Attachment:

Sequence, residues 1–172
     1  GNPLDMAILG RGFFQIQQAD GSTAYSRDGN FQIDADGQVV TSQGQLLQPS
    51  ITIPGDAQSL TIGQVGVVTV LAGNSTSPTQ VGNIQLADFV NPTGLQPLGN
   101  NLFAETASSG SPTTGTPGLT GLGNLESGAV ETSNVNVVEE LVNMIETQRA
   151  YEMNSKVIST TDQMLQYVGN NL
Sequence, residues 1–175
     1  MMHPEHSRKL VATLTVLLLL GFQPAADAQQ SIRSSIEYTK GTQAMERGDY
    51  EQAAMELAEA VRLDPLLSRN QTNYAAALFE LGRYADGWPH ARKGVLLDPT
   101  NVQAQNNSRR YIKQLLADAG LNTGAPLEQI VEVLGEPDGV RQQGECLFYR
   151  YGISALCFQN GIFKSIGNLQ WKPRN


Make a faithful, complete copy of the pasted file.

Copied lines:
Sequence, residues 1–172
     1  GNPLDMAILG RGFFQIQQAD GSTAYSRDGN FQIDADGQVV TSQGQLLQPS
    51  ITIPGDAQSL TIGQVGVVTV LAGNSTSPTQ VGNIQLADFV NPTGLQPLGN
   101  NLFAETASSG SPTTGTPGLT GLGNLESGAV ETSNVNVVEE LVNMIETQRA
   151  YEMNSKVIST TDQMLQYVGN NL
Sequence, residues 1–175
     1  MMHPEHSRKL VATLTVLLLL GFQPAADAQQ SIRSSIEYTK GTQAMERGDY
    51  EQAAMELAEA VRLDPLLSRN QTNYAAALFE LGRYADGWPH ARKGVLLDPT
   101  NVQAQNNSRR YIKQLLADAG LNTGAPLEQI VEVLGEPDGV RQQGECLFYR
   151  YGISALCFQN GIFKSIGNLQ WKPRN